School starts here in just a few weeks.
Never mind that Target and Wal-Mart erected their school supply displays on the day after Fourth of July.
“Mommy, is summer over?” my 7-year-old asked as we strolled by the cases of new pencils, pens and binders on JULY 5th.
For weeks, I’ve resisted going near those aisles. I’m dreading having to dig deep to purchase all new supplies, plus uniforms, shoes, and the 17,000 other accessories that students need to tackle a new academic year.
Unfortunately, I’m going to have to snap out of my denial phase pretty soon.
Sure, my kid needs new school supplies; however, this year I am planning to recycle as many of her old items as possible.
That’s not to say that I will be sending my child to school with a backpack riddled with holes or chewed up pencils sans erasers; rather, my plan is to be prudent and frugal.
For example, my soon-to-be third grader has a perfectly good soft, plastic, insulated Scooby-Doo lunch bag which she used rather sparingly last year. There’s no reason why she can’t use the same bag again this year. Only, Scooby-Doo is soooo 2011, mom, and now she wants one from Old Navy that features a Terrier and some squiggly lines.
I put the kibosh on the new lunch bag.
However, Grandma put the kibosh on my kibosh and now my kid has two lunch bags.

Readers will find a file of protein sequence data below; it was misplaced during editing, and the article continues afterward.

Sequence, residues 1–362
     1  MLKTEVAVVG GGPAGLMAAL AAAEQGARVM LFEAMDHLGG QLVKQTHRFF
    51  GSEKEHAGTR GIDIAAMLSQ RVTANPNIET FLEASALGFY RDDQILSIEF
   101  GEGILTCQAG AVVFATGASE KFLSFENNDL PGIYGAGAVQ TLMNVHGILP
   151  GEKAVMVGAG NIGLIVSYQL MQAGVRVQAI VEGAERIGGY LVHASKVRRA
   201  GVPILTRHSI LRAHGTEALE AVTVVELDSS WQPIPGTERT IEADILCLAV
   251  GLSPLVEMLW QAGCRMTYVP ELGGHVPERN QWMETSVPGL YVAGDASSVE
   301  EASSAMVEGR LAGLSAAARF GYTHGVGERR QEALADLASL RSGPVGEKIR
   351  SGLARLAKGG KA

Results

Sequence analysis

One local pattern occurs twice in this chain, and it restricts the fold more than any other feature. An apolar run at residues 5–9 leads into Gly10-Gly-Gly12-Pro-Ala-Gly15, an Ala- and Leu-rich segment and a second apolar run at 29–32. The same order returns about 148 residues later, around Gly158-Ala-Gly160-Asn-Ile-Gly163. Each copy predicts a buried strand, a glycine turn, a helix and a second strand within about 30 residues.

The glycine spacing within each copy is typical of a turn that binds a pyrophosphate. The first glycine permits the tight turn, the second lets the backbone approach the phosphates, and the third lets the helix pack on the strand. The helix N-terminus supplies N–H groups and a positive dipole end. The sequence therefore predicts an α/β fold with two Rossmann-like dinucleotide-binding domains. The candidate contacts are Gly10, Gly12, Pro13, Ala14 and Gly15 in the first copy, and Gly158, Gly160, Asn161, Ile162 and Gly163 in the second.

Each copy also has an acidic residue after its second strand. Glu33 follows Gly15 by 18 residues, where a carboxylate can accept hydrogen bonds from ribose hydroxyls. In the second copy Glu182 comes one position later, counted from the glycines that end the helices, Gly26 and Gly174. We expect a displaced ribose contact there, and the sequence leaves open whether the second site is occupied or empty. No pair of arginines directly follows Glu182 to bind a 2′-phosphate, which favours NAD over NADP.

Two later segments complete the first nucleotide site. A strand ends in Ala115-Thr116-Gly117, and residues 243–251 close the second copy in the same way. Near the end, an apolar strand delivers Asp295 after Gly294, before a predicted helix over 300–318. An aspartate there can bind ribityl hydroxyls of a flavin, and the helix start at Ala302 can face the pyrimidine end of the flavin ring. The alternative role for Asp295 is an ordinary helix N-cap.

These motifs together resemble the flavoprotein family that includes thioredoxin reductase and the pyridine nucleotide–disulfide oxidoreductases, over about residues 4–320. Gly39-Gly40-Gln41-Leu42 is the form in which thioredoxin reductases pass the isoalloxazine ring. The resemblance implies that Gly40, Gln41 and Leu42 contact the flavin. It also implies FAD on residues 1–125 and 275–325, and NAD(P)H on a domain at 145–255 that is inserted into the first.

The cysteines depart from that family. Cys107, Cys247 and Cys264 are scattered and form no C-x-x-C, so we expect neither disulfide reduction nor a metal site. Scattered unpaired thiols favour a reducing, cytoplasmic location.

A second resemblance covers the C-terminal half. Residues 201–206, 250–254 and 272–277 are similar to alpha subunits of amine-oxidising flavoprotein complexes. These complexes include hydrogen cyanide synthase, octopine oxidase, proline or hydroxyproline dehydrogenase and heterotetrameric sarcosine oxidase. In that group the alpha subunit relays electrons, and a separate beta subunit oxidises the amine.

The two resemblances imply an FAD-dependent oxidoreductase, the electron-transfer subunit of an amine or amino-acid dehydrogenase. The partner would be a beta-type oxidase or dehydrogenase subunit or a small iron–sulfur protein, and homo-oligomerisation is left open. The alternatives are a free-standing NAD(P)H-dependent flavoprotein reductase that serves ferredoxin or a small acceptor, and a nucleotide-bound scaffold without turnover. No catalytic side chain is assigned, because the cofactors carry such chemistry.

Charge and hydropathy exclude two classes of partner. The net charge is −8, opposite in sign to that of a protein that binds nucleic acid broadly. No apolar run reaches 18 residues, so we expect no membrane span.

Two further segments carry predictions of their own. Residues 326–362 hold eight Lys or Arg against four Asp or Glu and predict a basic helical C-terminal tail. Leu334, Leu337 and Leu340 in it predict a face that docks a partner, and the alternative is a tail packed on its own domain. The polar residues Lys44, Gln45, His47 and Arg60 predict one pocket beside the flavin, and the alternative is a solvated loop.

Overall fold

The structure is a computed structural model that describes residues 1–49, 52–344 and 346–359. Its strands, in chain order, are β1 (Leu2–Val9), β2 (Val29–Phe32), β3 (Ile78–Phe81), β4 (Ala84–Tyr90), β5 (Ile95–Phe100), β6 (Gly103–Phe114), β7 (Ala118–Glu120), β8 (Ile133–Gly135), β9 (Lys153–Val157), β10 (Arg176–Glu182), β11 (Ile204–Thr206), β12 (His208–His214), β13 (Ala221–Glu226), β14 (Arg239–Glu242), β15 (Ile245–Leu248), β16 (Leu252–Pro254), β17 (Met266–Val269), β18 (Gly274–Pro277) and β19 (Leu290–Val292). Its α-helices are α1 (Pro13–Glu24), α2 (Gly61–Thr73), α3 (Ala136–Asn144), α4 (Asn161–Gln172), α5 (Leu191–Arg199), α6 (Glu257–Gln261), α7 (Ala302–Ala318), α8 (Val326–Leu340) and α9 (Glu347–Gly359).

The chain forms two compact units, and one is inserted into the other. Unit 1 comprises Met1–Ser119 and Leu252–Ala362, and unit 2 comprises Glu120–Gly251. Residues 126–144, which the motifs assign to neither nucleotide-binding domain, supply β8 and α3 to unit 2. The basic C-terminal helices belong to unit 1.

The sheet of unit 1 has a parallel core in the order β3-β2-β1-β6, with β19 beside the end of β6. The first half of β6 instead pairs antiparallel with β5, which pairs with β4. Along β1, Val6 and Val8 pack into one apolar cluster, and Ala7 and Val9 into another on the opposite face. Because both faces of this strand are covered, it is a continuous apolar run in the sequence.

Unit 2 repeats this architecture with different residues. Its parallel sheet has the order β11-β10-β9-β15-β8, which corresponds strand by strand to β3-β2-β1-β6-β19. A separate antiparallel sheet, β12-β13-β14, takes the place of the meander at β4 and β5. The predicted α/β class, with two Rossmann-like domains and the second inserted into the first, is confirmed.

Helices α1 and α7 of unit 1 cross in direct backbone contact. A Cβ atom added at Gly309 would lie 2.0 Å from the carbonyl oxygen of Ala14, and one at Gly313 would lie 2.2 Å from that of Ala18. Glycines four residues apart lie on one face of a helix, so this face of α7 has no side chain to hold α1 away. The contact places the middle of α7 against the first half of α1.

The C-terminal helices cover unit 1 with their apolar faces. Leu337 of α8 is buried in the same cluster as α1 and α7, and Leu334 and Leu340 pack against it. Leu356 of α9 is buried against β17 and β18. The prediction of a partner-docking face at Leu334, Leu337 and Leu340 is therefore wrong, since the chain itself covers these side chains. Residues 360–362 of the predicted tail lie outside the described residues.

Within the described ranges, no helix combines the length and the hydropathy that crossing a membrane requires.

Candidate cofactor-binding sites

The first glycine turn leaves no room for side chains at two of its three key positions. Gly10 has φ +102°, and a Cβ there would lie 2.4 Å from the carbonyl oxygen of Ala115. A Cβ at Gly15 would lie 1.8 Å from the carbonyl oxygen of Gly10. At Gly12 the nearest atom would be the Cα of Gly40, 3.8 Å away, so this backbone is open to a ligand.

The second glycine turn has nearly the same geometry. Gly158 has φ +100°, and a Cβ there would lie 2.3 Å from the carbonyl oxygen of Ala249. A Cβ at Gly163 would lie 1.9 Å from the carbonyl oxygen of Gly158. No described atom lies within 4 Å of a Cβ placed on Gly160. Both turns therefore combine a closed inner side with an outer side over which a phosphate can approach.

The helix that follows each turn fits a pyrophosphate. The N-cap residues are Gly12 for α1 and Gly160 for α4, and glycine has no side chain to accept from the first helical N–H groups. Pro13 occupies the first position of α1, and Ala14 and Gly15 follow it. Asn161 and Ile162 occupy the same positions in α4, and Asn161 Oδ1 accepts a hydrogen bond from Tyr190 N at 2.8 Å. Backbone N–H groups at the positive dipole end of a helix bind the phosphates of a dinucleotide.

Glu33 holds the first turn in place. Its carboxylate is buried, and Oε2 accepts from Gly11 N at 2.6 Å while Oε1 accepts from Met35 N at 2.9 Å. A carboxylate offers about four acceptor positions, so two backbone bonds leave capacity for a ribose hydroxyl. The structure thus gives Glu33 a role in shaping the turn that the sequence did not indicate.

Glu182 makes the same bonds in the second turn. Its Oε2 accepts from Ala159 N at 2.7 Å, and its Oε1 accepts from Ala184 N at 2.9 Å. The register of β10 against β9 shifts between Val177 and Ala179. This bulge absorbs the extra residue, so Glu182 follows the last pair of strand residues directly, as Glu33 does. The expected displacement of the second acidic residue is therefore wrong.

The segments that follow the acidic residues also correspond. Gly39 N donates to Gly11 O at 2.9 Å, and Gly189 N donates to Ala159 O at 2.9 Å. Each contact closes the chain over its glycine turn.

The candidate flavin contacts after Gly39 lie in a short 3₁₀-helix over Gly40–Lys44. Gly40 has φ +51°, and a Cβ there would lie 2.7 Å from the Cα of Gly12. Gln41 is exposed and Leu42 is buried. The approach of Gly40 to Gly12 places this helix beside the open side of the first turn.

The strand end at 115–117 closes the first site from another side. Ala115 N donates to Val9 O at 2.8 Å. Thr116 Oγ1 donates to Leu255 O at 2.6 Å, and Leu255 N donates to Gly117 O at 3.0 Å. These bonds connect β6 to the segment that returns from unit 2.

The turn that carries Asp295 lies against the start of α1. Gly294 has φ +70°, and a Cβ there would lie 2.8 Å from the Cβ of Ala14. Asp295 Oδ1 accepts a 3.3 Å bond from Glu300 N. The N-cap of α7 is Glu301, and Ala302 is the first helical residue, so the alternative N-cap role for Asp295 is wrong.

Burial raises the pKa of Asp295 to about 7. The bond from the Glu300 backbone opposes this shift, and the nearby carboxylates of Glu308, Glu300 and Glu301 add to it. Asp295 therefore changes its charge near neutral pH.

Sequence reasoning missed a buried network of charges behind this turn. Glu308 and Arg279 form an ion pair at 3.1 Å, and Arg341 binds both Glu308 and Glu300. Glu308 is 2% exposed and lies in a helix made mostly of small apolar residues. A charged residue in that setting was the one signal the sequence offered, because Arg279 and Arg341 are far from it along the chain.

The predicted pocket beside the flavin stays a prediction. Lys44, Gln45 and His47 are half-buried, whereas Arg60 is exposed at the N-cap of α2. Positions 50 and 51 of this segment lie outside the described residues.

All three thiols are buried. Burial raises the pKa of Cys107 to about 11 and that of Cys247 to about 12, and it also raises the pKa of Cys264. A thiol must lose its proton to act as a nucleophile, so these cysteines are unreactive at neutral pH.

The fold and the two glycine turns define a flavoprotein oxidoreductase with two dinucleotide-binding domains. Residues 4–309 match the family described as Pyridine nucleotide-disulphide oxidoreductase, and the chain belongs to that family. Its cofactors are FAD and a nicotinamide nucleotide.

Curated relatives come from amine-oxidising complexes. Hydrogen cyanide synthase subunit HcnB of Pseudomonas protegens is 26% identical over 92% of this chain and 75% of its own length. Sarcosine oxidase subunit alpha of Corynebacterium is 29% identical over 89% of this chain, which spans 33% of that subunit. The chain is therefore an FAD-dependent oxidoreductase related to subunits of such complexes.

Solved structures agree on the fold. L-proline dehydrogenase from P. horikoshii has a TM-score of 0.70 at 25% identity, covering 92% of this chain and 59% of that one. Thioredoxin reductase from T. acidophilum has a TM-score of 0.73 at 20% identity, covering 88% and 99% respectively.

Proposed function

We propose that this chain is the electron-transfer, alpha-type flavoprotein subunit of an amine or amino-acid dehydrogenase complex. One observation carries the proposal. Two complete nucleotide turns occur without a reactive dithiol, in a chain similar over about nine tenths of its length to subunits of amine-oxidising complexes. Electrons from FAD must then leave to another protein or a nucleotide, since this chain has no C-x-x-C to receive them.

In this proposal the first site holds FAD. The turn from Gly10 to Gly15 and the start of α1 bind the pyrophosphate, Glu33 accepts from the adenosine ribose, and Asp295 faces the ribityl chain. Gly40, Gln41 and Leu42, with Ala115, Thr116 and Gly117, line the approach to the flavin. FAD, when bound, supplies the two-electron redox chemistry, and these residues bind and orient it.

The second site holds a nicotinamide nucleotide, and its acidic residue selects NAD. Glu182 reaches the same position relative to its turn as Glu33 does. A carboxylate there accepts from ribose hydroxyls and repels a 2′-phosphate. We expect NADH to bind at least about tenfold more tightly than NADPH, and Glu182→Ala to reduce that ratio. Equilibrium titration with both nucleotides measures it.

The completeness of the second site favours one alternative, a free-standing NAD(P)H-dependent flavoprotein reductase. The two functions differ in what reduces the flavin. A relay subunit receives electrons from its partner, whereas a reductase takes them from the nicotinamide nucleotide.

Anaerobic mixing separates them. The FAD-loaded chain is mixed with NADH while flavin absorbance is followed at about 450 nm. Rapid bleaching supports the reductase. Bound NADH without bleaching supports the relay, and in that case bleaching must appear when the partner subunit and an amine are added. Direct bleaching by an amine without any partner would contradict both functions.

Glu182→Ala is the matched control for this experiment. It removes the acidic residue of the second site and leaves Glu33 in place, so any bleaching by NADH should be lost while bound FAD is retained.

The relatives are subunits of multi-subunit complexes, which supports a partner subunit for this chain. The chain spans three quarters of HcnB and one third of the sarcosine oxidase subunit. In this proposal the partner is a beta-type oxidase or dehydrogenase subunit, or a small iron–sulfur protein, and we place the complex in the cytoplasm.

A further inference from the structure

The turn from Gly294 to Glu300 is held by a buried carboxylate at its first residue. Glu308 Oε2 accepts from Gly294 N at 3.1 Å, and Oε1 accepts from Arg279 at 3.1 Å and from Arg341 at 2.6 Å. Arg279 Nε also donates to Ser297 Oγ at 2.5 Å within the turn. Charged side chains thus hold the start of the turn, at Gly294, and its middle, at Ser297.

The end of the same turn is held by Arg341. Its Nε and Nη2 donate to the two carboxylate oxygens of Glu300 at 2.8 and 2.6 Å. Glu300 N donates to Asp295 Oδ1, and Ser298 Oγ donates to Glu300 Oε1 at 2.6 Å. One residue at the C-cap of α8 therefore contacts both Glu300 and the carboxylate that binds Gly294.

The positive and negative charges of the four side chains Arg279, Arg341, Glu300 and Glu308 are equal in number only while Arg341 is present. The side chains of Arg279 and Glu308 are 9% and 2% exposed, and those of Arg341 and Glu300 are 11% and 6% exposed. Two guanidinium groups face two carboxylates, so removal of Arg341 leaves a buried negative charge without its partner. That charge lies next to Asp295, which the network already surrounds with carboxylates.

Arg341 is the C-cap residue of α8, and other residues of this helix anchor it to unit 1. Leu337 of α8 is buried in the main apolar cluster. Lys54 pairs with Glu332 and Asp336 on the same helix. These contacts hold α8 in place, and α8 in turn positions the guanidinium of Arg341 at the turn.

I won’t expound on that transaction, except to say that I was more determined than ever to put lunch bag number one to good use.
Instead of toting turkey sandwiches, Fruit Roll-Ups and chocolate milk to and from school, Scooby-Doo is now housing emergency supplies in our car.
If you have an extra lunch bag or box sitting around the house, put it to good use by creating an emergency car kit or a first-aid kit. Fill it with Kleenex, Band-Aids, Wet Ones, hand sanitizer, sunscreen, bug spray, Neosporin, extra socks, tweezers, extra batteries (for a car flashlight), a little cash and a bottle of water.
Another option is to recycle the lunch bag and make it into an activity container for your kids to take on the road. Use it to store crayons, chalk, mini pads of paper, magnets and other small toys. If you have a metal lunch box, consider sanding down the exterior image and using it to store and play with magnetic doll sets. Finally, insulated lunch bags that have a few small holes or stains in it can be cut down and made into beverage sleeves for coffee cups or soda cans. I’ve even seen some people slice sections from insulated lunch bags and secure them around pipes when the space was too tight for expanded foam.
What other ways can you think of to reuse insulated lunch bags?